NEW YORK -- The slow improvement in the economy gave a huge boost to entrepreneurship in the U.S. last year, according to a study released Thursday.
More than 29 million people were starting or running new businesses in 2011, the study by Babson College in Wellesley, Mass., and Baruch College in New York shows. That was a 60 percent gain from 2010, when entrepreneurship was hurt by uncertainty about the economy.
The gain also matched the increase in entrepreneurship recorded in 2005, when the economy and small businesses were booming.
A pickup in entrepreneurship indicates that people were getting more confident about the economy and were therefore willing to take a chance on starting a business. However, it also reflects a still-weak job market: Many people chose to start companies because they couldn't find jobs or were tired of looking.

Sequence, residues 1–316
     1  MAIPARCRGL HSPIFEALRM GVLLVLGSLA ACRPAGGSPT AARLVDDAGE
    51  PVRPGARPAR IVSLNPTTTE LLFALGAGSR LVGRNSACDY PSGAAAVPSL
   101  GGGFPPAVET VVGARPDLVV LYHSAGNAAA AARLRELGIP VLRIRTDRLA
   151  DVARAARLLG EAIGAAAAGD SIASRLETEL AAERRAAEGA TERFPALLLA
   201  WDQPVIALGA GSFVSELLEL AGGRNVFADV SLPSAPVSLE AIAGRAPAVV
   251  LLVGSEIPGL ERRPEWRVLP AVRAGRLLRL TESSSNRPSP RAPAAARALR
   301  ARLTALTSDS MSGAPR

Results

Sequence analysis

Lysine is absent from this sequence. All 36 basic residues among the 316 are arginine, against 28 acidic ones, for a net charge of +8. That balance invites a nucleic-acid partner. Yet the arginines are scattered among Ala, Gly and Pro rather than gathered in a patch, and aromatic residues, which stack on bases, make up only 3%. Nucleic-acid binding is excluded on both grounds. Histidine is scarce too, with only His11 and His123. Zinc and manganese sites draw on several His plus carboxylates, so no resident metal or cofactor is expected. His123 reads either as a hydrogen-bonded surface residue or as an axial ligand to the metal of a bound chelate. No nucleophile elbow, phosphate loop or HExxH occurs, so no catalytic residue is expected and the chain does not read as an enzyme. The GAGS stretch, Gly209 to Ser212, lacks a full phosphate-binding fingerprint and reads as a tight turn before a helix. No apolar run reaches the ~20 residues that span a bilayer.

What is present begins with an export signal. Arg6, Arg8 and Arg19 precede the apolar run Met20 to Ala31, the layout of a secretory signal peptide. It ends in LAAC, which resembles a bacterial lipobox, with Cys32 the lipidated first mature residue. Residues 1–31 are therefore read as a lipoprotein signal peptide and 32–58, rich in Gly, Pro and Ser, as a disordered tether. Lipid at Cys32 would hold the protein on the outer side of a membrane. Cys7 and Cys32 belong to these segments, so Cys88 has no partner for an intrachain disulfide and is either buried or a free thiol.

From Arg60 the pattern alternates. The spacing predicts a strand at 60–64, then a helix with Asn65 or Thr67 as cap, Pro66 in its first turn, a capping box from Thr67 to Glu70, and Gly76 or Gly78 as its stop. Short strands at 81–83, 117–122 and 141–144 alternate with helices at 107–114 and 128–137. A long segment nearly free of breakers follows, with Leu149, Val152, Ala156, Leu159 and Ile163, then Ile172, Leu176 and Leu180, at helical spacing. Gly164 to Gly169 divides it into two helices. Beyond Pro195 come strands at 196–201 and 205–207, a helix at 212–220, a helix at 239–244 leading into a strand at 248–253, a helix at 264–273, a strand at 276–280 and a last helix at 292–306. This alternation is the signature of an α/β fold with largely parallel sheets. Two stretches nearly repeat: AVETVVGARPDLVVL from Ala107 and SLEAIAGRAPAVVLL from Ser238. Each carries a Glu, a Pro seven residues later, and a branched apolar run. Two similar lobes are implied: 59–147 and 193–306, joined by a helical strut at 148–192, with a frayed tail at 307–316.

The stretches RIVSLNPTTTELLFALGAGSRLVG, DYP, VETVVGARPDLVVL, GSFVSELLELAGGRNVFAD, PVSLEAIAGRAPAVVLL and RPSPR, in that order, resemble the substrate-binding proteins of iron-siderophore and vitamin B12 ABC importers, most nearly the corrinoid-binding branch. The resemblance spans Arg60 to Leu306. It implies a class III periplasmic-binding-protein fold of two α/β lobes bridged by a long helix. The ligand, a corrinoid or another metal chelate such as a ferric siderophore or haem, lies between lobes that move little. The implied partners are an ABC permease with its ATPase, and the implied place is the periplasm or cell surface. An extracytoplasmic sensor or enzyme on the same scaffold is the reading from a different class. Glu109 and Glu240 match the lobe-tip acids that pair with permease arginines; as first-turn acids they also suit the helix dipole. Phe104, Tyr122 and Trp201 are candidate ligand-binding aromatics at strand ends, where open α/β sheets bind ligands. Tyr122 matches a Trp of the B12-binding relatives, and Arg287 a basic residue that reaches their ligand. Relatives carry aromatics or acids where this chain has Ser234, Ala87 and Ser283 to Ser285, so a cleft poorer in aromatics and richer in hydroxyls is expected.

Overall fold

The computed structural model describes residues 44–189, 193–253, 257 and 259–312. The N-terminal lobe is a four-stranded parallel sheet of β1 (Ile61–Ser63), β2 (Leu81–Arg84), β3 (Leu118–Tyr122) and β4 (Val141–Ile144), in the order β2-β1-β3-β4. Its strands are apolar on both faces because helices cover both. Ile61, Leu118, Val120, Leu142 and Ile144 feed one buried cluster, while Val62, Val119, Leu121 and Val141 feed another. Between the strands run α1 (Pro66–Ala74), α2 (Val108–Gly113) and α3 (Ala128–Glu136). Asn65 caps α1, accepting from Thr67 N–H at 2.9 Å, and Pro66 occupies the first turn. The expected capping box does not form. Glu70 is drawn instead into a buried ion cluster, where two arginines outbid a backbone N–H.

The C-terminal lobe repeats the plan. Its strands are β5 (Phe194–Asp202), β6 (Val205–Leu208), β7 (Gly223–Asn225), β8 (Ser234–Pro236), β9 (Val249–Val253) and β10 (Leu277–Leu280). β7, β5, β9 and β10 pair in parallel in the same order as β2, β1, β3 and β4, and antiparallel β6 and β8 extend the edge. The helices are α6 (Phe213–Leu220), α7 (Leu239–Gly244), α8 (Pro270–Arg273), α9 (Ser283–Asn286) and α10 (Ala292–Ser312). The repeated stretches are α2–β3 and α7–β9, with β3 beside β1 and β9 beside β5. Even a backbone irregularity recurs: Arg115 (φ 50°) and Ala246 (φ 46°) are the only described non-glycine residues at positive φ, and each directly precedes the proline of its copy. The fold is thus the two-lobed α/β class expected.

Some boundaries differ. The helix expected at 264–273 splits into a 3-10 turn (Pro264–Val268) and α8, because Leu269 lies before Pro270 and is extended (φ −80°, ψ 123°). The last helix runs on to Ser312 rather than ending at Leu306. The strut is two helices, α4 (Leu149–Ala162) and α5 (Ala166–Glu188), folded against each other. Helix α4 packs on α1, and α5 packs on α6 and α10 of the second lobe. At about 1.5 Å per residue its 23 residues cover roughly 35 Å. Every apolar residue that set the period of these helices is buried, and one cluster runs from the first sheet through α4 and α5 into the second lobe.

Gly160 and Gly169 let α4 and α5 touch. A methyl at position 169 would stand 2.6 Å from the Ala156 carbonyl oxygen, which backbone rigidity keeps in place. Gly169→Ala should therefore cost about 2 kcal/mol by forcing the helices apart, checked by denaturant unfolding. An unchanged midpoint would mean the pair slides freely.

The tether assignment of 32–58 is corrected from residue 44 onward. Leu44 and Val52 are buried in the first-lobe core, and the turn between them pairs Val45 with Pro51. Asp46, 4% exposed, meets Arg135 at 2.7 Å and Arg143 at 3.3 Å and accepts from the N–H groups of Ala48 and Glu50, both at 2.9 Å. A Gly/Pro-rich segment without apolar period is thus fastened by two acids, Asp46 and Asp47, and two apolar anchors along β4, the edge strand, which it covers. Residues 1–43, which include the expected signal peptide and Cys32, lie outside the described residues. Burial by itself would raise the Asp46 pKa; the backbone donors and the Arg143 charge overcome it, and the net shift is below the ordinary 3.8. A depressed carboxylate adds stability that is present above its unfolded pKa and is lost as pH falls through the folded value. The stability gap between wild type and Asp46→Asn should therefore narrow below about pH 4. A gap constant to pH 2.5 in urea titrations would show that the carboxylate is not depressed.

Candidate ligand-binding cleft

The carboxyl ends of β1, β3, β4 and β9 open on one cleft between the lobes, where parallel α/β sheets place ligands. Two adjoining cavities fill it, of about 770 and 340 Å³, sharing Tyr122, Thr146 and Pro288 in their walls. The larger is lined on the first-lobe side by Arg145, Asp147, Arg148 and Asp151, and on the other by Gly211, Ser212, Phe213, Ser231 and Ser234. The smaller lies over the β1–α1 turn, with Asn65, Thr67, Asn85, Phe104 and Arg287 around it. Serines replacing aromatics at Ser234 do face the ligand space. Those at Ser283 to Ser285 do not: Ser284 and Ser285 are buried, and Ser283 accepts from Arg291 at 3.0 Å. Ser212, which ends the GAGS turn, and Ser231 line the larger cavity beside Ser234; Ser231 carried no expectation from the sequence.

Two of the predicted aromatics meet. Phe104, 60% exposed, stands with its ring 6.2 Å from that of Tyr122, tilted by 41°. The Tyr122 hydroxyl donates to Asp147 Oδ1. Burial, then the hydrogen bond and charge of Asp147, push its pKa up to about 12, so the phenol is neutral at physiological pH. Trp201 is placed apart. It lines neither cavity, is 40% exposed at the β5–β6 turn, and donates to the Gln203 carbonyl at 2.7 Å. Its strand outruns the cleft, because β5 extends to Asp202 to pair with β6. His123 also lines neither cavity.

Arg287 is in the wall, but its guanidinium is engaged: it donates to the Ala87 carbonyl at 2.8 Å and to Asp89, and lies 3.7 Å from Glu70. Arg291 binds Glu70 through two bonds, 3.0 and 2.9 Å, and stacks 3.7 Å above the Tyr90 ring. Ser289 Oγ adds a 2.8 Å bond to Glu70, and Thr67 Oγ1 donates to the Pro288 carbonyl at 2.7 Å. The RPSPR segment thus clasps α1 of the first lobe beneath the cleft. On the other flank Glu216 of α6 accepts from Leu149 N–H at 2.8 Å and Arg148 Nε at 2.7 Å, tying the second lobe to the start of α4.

Still, researchers at the colleges say the report's findings are a positive sign for the economy. They found that nearly 40 percent of the entrepreneurs they counted expected to create more than five new jobs each in the next five years. Many economists have said the economy can't gain momentum unless small businesses pick up the pace of their hiring.
The economy has been showing signs of a slow but steady recovery, led by an improving housing market and greater consumer confidence. Next week will bring several new reports, including the government's look at the job market in November.